F2494: 3 Steps to a Luxury Investing Experience with Veena Jetti
Growing up in a real estate family, Veena Jetti knew she had to leave corporate real estate and start investing for herself. After learning some valuable lessons in her first deal, Veena now has a portfolio of $400M in assets. She talks about the best time to raise capital, and her step-by-step systems and process she uses to provide a “luxury” real estate investing experience.
Veena Jetti Real Estate Background:
- Partner at Vive Funds, a large multifamily syndication
- Grew up in a real estate family
- Portfolio consists of $400 million in assets
- Based in Dallas, TX
- Say hi to her at: www.vivefunds.com
- Best Ever Book: Blink
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Theo Hicks: Hello, Best Ever listeners, and welcome to the Best Real Estate Investing Advice Ever Show. I’m Theo Hicks and today we’ll be speaking with Veena Jetti.
Veena, how are you doing today?
Veena Jetti: Hi, Theo, I’m good. Thank you. How are you?
Theo Hicks: I’m doing well. Thanks for asking. Thanks for joining us today. Looking forward to learning more about you. So Veena is the partner at Vive Funds, which is a large multifamily syndication company. She grew up in a real estate family and now their portfolio consists of $400 million in assets. She is based in Dallas, Texas, and her website is https://vivefunds.com/.
So Veena, do you mind telling us some more about your background and what you’re focused on today?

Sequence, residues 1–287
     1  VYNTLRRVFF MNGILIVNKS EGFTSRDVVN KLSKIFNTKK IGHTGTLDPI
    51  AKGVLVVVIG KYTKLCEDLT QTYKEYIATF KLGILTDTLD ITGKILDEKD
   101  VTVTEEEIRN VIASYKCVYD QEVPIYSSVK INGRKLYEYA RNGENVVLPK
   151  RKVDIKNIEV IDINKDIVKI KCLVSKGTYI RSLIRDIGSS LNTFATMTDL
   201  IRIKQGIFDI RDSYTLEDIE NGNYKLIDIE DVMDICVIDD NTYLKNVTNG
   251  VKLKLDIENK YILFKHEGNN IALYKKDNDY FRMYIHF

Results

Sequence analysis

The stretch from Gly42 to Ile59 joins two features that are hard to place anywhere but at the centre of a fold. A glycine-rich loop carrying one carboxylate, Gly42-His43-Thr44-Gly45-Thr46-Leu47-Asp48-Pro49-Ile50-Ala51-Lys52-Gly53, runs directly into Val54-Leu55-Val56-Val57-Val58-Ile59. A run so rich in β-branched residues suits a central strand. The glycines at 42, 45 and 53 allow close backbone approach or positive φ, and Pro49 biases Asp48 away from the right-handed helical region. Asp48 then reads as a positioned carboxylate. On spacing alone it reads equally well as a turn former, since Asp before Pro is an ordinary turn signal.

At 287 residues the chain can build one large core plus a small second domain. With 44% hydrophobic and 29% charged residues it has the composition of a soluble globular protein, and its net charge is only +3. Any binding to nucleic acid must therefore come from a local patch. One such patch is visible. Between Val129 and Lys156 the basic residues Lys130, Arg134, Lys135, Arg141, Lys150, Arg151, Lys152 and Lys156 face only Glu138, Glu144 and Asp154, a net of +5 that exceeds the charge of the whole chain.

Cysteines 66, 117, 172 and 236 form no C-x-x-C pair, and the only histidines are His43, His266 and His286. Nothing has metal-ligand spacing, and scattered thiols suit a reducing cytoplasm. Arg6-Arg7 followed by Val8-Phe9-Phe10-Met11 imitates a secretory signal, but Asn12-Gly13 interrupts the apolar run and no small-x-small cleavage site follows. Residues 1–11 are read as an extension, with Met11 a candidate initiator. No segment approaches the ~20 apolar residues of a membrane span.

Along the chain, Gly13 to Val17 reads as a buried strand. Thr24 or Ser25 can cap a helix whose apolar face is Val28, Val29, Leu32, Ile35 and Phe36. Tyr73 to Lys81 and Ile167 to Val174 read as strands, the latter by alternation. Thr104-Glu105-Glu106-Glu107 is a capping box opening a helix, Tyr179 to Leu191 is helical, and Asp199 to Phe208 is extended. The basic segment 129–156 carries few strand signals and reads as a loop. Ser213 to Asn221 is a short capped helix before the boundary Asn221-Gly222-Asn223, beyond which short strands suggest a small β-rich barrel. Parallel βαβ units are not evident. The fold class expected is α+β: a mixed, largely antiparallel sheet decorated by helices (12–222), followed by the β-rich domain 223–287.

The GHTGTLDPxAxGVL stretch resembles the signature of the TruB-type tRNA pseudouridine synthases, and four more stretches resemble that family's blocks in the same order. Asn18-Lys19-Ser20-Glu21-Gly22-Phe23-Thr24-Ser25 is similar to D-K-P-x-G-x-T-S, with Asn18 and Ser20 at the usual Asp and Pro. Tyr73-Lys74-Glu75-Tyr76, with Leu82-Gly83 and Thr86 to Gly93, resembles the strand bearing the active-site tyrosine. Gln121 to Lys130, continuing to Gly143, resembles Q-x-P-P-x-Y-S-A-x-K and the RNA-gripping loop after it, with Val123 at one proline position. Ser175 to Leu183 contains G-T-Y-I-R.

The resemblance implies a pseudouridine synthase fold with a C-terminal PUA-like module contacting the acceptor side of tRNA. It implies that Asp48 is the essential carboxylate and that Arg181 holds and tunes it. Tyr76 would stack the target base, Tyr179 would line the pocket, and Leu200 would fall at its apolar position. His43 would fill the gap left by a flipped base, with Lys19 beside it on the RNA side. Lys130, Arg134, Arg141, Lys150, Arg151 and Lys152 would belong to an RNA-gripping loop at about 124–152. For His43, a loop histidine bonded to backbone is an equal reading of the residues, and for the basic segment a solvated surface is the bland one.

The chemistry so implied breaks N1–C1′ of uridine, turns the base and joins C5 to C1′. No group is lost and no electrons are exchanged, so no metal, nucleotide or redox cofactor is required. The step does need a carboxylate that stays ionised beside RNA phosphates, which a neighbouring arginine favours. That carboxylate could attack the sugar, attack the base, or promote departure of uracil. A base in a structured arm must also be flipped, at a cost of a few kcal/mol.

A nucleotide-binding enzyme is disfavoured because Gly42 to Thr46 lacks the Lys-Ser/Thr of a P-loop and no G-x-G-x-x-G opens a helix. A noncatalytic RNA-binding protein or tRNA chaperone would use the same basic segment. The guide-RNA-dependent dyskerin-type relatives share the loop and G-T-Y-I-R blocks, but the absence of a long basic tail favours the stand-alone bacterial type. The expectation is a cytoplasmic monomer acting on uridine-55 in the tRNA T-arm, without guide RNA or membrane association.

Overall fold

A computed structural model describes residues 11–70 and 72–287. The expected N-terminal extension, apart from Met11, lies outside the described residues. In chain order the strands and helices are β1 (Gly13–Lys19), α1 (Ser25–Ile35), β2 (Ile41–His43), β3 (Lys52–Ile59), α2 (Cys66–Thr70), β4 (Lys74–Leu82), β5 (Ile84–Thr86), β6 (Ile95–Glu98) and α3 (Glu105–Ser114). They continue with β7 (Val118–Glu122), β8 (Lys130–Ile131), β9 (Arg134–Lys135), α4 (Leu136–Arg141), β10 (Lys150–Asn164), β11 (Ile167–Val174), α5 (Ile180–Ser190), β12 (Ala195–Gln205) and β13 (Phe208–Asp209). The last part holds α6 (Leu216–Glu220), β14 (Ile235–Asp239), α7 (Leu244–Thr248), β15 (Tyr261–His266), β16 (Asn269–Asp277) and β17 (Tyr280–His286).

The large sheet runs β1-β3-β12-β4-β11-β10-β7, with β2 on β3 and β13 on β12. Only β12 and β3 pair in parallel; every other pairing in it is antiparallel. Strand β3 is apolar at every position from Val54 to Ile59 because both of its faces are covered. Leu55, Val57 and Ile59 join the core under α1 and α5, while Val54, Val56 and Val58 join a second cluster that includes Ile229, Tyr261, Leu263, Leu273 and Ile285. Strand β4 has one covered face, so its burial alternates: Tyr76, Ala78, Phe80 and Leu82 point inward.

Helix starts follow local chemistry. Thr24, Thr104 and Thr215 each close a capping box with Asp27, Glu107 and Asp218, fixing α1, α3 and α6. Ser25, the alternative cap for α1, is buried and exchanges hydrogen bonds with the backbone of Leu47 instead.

Veena Jetti: Yes, absolutely. So thank you for having me. I always tell people, I kind of took the shortcut into multifamily, because I come from a real estate family. So my mom is actually the one that was a successful real estate investor for her career; they started investing in real estate 30 something years ago. And then I went to undergrad, did my degree in finance, graduated when I was 20 years old, and thought I was going to do something really revolutionary and different, so I went out and I worked in corporate real estate. I think my mom was giving me a lot of side-eye for not coming in and working in the family business. Ultimately, I’ve made a lot of money for a lot of other people, left corporate America back in 2012 and decided to go out and invest for myself. The catalyst for that was it was the first year my husband and I paid taxes jointly. I called my mom up and said, “Mom, our tax bill was just crazy. What am I doing?” And she was like, “Well, you should look into getting full-time real estate professional status, go out, start your own business, be a real estate investor.” So that’s exactly what I did. And now today, we obviously have grown our multifamily portfolio; we focus on large value-add assets, Class B, typically 1985 vintage and newers is what we like to do. [unintelligible [00:02:41].18] is our bread and butter.